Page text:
Hey Nick,

It is awesome that you at such a young age have made the decision to follow your dreams.  I applaud you for that and wish I would have done so myself.  This is just a simple suggestion but if you are anything like me, well I have always enjoyed working with wood and really on DIY projects.  Have you considered working in home rehab or construction?  Just a thought because if it were me I think that would be a great place to pick up large amounts of knowledge in real estate.  I really hope you find something that's a good fit for you and good luck. Most of you posting are missing the point, it's not about the money.  It's about being happy in life and doing something you enjoy.

Nicholas Gray I can tell your going to be successful from your formal education background no matter what you do. This is a subjective question that has many options obviously. Being passionately curious and persistence will drive you forward.

1. I think finding a mentor in the real estate niche you want to do as a career and go work for him or find way to bring value to him.

2. Or join a mastermind that you have done due diligence on.

I personally made my biggest jump in my business when I spent a week around Robert Kiyosaki for a real estate event and came back saying.......... I’m burning the ships and going 100% all in with real estate. It’s easy to get distracted in this game with all the options in the industry.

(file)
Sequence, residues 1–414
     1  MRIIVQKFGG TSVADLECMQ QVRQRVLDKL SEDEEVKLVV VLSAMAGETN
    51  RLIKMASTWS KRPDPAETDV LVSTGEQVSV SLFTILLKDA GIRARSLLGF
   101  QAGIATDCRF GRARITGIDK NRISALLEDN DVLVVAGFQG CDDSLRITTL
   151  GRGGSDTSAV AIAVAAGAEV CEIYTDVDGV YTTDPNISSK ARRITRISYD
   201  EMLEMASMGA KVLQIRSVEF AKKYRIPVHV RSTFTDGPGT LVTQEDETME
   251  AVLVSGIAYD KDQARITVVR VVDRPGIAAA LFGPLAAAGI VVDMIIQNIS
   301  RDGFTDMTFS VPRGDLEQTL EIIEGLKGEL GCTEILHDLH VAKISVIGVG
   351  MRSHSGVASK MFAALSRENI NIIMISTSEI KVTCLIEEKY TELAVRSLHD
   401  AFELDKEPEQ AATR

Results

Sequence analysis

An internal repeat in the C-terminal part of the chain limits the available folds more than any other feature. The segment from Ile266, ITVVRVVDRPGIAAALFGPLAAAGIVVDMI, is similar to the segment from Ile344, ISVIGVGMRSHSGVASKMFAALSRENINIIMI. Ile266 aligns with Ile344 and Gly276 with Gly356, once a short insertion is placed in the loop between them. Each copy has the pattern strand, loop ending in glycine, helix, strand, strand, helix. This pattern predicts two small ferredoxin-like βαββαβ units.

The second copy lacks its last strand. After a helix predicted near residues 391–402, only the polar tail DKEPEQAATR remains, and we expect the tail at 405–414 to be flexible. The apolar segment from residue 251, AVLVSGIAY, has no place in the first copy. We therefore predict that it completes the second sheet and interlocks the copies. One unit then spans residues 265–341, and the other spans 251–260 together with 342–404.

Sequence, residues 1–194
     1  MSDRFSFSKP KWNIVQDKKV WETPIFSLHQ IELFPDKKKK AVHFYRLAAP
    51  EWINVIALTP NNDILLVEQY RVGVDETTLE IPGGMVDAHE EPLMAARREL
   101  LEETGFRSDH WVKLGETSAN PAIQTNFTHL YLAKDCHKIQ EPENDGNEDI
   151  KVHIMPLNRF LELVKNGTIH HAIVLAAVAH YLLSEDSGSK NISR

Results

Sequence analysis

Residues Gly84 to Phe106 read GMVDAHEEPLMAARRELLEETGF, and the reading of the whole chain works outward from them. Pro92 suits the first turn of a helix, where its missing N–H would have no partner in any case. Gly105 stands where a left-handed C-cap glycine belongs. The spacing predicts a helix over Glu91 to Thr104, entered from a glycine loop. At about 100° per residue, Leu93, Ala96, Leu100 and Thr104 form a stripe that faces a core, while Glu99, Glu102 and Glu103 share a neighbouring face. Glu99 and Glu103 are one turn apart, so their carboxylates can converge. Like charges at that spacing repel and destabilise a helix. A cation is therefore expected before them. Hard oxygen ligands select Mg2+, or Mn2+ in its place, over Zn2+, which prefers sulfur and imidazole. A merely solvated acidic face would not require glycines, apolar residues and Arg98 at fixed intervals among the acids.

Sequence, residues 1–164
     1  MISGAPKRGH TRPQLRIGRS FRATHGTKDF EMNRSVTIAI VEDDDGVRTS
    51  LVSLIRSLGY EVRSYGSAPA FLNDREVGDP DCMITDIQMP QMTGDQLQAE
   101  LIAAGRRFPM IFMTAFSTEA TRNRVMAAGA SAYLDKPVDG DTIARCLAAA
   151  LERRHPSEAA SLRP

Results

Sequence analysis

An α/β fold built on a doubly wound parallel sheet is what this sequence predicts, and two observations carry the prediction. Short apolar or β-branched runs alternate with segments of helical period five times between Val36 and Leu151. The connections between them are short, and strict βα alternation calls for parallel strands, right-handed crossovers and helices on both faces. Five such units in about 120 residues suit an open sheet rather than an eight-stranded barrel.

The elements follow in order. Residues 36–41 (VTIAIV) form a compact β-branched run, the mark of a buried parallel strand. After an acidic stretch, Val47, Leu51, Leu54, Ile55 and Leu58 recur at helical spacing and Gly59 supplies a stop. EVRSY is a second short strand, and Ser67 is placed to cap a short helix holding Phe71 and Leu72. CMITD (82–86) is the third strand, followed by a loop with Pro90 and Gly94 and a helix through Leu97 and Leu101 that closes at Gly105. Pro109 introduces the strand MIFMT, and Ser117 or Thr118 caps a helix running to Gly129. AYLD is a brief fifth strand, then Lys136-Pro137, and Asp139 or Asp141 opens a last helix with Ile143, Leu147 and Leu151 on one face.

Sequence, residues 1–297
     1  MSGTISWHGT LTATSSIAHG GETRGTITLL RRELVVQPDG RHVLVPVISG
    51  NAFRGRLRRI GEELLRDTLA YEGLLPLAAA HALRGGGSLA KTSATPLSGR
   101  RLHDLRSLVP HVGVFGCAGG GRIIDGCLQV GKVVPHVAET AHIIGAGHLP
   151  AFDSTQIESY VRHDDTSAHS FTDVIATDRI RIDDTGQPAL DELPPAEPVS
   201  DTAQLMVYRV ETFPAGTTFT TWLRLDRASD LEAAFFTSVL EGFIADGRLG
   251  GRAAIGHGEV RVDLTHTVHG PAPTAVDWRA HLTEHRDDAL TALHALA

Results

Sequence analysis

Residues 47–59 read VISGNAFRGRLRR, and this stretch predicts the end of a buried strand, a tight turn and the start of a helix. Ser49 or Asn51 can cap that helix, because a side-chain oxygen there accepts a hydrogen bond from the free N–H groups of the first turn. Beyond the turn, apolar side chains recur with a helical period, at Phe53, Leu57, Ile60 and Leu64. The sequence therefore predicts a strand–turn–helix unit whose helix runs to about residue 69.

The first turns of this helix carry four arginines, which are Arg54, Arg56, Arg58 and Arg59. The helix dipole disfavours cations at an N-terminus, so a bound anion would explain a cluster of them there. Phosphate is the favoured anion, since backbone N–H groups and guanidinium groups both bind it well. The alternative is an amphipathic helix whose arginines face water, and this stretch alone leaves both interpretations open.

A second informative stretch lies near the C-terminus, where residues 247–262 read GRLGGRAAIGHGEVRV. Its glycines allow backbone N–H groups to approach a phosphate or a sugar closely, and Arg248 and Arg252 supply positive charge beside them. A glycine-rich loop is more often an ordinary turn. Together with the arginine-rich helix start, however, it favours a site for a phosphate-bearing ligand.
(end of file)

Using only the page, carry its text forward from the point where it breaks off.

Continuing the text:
Happy Investing

Originally posted by @Michele B. :

I think everyone is missing the question he asked.  He didn't say how can I make the same money, he said what can I do to help my real estate career.  I have a great idea for you.  GO  WORK FOR A FINANCIAL INSTITUTION. You could get a job working as  a loan officer or as a loan consultant.  You are obviously good with numbers.  GO to all the local small banks and all the large banks in your area.  Or find another type o financial institution that you can work for.